2017 is a year I will quite happily brush under the carpet. I’m thankful for music, Weird Decibels, the fact that we are still recording, writing and playing music around our day jobs and family.
So as the 2017 Curtain starts to fall upon the Cast I thought I’d look back at our year.
Pics. Sweet P Photography. What Eddie Sees. Juls Sampson.
Rock On Tap. Great night for us at the Artisan Tap. we were a wee bit worried about playing a gig so soon after the Christmas wallet apocalypse however our concerns were unfounded as it was a busy night
12th Jan. We release some footage of us playing in our trusty old practise room
Weird Decibels drop a wee hint…
We had a look back at the many years we’ve had in our practise room, this proved to be one of the most popular posts of the year.
Weird Decibels performing at The Dobbie Hall 2017.
Here’s what reviewer, Stuart Ritchie, had to say:
“Weird Decibels are reminiscent of the early punk movement, especially The Clash. They played a bulldozing set of songs filled with no-nonsense Wah-Wah-drenched guitar solos, heavy sounding riffs, and a rampaging juggernaut tempo. ‘In the City’ sounded like a louder heavier ‘Suffragette City’. The singer tried to get the crowd to put the hands in the air but, most were afraid to spill their pints. Overall, a great effort and showing.”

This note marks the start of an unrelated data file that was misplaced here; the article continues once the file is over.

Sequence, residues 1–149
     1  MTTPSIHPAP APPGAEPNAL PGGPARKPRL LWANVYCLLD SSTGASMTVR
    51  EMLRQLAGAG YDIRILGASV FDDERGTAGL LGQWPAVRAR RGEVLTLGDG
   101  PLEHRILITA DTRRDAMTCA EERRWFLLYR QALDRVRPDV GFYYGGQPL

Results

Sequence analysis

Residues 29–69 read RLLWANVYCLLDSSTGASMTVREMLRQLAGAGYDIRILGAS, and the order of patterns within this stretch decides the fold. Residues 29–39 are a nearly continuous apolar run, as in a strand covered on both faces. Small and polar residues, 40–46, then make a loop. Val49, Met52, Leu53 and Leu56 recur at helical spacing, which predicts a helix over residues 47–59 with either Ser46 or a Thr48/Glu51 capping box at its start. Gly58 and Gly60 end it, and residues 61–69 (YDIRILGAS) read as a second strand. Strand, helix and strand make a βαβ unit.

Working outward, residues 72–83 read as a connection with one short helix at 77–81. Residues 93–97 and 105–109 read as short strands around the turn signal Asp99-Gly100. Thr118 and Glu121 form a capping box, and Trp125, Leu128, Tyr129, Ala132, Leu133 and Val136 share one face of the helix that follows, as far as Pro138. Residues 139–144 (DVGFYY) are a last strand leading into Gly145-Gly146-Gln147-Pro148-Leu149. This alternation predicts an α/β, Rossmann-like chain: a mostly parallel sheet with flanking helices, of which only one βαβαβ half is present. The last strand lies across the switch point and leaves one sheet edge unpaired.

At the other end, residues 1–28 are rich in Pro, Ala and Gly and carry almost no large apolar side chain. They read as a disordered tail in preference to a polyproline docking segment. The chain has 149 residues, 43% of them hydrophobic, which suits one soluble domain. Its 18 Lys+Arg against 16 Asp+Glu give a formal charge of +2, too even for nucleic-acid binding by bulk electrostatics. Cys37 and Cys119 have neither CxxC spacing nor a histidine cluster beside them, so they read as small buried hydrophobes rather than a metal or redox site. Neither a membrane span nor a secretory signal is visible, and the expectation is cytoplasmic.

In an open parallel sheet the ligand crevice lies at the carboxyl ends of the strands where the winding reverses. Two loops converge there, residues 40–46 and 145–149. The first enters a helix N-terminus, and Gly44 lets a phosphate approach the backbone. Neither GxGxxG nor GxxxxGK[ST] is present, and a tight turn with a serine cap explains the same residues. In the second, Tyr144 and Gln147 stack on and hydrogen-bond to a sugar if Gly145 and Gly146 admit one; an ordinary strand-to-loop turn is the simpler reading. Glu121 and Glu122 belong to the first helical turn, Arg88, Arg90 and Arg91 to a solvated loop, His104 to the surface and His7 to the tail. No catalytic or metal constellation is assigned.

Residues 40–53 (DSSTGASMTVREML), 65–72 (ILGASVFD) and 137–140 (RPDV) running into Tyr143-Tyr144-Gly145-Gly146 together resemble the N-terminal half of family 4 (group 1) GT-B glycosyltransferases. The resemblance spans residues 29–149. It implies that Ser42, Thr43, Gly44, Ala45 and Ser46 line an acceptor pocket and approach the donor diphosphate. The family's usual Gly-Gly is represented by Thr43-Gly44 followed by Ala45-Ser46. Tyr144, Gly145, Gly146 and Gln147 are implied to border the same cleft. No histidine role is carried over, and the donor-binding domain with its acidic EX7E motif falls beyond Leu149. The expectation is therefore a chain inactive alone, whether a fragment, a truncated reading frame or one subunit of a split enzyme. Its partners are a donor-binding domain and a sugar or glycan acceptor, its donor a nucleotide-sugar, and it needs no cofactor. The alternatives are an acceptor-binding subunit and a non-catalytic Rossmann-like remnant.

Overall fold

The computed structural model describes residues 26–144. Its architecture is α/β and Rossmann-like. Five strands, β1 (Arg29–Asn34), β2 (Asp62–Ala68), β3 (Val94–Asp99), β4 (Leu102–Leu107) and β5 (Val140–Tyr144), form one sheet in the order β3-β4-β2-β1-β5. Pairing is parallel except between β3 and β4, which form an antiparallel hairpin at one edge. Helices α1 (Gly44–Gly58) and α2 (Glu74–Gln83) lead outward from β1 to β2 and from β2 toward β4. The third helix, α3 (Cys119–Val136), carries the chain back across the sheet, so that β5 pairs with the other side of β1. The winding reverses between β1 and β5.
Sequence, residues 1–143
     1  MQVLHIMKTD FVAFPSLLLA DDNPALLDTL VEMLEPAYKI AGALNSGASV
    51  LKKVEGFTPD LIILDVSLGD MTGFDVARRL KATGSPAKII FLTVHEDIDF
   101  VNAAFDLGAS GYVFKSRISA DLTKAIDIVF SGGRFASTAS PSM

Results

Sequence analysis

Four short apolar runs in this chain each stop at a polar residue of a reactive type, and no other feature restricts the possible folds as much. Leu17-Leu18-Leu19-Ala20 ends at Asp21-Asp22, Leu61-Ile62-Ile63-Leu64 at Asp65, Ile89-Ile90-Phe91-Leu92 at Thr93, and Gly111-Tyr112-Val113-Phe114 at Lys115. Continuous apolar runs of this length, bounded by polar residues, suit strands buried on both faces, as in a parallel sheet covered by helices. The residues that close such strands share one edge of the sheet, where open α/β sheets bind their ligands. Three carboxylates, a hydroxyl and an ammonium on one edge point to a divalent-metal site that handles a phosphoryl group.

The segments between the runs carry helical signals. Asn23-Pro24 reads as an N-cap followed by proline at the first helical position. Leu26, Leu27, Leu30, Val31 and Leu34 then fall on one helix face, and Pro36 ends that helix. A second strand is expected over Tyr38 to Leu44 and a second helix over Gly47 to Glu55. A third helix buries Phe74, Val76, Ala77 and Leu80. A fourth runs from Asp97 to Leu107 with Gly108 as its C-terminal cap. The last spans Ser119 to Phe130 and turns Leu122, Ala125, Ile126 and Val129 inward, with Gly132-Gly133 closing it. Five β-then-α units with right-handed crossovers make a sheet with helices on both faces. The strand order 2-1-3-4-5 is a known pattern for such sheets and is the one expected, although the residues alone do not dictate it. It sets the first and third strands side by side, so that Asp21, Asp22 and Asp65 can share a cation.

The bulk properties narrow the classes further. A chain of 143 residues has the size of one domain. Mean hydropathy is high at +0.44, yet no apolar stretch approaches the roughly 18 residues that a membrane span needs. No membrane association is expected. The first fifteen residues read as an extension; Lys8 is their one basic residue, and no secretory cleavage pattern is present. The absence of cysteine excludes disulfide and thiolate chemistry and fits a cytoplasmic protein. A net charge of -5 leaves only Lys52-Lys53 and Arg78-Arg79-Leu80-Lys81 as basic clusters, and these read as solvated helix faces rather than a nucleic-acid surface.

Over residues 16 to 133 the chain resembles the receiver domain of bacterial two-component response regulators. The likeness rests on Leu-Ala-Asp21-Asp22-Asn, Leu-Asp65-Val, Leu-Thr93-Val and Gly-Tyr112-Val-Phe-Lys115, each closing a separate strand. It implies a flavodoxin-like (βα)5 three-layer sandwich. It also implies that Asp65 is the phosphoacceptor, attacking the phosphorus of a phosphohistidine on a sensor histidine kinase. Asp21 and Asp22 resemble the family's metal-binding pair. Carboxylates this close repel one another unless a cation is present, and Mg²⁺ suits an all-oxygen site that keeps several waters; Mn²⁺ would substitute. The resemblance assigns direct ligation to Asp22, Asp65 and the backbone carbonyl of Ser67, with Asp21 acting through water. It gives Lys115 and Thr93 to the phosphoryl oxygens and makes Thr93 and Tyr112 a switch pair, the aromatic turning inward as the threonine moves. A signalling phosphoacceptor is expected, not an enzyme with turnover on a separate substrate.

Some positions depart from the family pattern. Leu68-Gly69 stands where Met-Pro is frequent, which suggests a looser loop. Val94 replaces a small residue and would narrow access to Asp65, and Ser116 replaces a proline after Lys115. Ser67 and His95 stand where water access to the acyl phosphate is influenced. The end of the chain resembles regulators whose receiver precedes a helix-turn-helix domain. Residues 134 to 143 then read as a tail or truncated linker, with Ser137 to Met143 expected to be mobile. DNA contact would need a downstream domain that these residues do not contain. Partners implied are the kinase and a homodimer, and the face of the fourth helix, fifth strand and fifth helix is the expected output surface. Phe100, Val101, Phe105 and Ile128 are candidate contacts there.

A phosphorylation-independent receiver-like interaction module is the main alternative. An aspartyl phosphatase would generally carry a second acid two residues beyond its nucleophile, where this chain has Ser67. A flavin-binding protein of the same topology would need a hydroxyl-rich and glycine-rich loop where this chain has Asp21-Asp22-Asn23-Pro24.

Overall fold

When you live all your life in Falkirk it’s hard to gauge what people outwith the town really think of our place. As far as 2017 goes Falkirk is having its ups and downs. The high street is struggling but they are trying to rescue it, the football team were humbled in the playoffs then plummeted near the foot of the championship. People come to visit though, the Kelpies and the Wheel are now ingrained in Scottish tourism.
So what about the Falkirk music scene in 2017? Just a few year ago you could argue that it was on tired legs. The last couple of years have been very promising, people would describe it as recovering. Now as we reach the end of the ‘teenies’ I would assert that we have a vibrant scene, there are now a number of excellent bands and events. Here then, is my personal experience of the Falkirk scene; bands I have seen live, played a gig with or albums I have bought. There are many bands that I have missed so any recommendations are more than welcome.